This extremely small impact drill can be used for testing soil for toxic chemicals, and other analytical tests.

Recent experiments with a flextensional piezoelectric actuator have led to the development of a sampler with a bit that is designed to produce and capture a full set of sample forms including volatiles, powdered cuttings, and core fragments.

The flextensional piezoelectric actuator is a part of a series of devices used to amplify the generated strain from piezoelectric actuators. Other examples include stacks, bimorphs, benders, and cantilevers. These devices combine geometric and resonance amplifications to produce large stroke at high power density. The operation of this sampler/drill was demonstrated using a 3×2×1-cm actuator weighing 12 g using power of about 10-W and a preload of about 10 N. A limestone block was drilled to a depth of about 1 cm in five minutes to produce powdered cuttings.

The Miniature Drill, the bit, and the covering of both the actuator and bit using bellows are shown. The tube with bellows also is shown.
It is generally hard to collect volatiles from random surface profiles found in rocks and sediment, powdered cuttings, and core fragments. Toward the end of collecting volatiles, the actuator and the bit are covered with bellows-shaped shrouds to prevent fines and other debris from reaching the analyzer. A tube with a miniature bellows (to provide flexibility) is connected to the bit and directs the flow of the volatiles to the analyzer. Another modality was conceived where the hose is connected to the bellows wall directly to allow the capture of volatiles generated both inside and outside the bit. A wide variety of commercial bellows used in the vacuum and microwave industries can be used to design the volatiles’ capture mechanism.

The piezoelectric drilling mechanism can potentially be operated in a broad temperature range from about –200 to <450 °C. The actuators used here are similar to the actuators that are currently baselined to fly as part of the inlet funnel shaking mechanism design of MSL (Mars Science Laboratory). The space qualification of these parts gives this drill a higher potential for inclusion in a future mission, especially when considering its characteristics of low mass, small size, low power, and low axial loads for sampling.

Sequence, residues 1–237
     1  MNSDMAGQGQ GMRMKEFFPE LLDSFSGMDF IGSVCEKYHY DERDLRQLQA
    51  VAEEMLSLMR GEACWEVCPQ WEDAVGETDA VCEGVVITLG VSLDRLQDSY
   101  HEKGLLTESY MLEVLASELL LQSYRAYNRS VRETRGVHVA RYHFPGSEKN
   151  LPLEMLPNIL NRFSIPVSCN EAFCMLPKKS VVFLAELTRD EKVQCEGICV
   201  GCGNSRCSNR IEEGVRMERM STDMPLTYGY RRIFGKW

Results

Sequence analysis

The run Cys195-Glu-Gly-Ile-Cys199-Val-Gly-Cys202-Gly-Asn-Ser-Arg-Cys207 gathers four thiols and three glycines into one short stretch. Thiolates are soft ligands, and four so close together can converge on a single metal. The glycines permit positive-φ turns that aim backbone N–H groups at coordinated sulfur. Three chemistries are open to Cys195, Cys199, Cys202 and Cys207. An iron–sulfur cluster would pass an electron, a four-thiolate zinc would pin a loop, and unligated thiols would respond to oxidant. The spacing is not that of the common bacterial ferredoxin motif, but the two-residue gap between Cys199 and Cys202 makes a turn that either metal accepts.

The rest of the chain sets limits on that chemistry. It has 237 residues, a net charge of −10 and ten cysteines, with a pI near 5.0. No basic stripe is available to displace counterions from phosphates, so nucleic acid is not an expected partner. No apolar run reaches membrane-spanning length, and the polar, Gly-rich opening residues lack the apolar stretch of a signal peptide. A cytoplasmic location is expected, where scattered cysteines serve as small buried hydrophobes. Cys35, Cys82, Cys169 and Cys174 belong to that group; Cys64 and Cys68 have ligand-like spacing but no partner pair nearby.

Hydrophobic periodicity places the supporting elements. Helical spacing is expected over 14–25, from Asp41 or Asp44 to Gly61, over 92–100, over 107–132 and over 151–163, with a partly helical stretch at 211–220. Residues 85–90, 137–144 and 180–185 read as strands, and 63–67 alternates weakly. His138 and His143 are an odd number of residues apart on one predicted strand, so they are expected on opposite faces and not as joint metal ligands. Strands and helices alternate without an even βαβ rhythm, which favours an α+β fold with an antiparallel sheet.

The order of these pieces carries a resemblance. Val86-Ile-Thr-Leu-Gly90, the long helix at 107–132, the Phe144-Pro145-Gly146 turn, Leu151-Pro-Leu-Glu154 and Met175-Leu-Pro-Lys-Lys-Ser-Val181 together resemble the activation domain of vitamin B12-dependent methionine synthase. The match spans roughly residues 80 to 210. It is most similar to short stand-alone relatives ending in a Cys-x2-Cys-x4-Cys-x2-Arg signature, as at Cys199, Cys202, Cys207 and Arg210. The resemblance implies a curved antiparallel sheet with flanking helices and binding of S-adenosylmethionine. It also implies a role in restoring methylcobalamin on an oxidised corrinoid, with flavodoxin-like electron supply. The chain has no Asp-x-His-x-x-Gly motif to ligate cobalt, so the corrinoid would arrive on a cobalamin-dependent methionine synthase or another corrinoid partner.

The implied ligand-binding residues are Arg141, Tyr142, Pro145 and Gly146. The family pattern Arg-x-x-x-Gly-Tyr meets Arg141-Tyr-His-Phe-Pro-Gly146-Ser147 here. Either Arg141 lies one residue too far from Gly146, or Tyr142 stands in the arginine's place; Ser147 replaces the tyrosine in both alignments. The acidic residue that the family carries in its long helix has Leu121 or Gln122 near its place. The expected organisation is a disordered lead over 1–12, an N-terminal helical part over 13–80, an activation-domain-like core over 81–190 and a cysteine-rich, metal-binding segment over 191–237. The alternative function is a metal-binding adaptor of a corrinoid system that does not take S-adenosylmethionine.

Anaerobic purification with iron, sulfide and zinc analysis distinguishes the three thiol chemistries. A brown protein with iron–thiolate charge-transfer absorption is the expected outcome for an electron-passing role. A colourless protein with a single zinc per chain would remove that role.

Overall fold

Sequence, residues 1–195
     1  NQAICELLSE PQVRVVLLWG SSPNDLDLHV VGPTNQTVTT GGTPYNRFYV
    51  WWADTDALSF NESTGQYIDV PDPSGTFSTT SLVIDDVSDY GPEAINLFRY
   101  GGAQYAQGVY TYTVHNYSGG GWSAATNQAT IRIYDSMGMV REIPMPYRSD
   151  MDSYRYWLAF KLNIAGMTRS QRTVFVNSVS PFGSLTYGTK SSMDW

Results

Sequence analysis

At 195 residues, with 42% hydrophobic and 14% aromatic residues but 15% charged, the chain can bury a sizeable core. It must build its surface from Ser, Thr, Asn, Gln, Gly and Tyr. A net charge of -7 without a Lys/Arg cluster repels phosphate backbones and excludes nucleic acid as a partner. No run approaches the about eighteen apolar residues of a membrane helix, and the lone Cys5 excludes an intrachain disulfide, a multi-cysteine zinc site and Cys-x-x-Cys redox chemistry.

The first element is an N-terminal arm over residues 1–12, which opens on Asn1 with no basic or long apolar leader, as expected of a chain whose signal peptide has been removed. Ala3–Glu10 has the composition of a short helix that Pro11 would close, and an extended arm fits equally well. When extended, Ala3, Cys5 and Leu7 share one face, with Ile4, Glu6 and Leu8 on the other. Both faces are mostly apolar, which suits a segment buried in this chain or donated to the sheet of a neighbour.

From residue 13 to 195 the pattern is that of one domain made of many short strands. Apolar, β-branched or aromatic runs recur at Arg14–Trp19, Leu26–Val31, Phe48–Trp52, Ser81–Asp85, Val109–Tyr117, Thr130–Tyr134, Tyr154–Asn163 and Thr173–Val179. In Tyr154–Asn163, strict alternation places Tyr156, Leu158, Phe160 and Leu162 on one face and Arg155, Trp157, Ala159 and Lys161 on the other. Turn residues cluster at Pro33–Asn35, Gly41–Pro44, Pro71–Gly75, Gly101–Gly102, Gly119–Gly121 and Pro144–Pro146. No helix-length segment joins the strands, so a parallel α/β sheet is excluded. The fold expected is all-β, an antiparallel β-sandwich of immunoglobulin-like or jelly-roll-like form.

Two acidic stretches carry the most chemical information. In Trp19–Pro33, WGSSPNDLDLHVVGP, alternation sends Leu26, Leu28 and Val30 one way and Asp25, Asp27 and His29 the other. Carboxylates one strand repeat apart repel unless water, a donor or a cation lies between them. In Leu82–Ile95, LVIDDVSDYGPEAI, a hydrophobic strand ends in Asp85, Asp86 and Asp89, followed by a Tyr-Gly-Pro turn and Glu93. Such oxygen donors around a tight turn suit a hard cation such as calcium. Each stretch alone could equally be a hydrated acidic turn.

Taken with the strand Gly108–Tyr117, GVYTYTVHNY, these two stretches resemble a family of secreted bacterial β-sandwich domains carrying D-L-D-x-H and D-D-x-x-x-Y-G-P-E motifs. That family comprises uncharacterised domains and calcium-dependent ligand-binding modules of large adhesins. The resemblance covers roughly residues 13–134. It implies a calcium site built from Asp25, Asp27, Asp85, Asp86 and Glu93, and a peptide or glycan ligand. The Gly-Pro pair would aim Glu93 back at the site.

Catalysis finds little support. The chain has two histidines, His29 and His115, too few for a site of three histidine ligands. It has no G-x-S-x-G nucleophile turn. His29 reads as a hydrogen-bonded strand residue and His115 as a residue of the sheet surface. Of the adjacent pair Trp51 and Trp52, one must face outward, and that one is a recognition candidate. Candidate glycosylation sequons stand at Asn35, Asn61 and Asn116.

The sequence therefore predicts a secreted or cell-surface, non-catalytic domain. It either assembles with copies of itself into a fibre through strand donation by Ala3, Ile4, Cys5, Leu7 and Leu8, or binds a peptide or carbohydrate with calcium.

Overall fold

Such a tiny penetrator can be integrated with instruments for life and water detection as well as materials characterization for planetary applications. It is also a useful tool for gaining subsurface access, an exploration goal that is an essential element of future missions. Terrestrially speaking, this tool has applications with regard to testing soil for toxic chemicals, the presence of moisture, and various other analytical tests.

This work was done by Stewart Sherrit, Mircea Badescu, and Yoseph Bar-Cohen of Caltech for NASA’s Jet Propulsion Laboratory. For more information, download the Technical Support Package (free white paper) at www.techbriefs.com/tsp under the Mechanics/Machinery category.

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Refer to NPO-45857, volume and number

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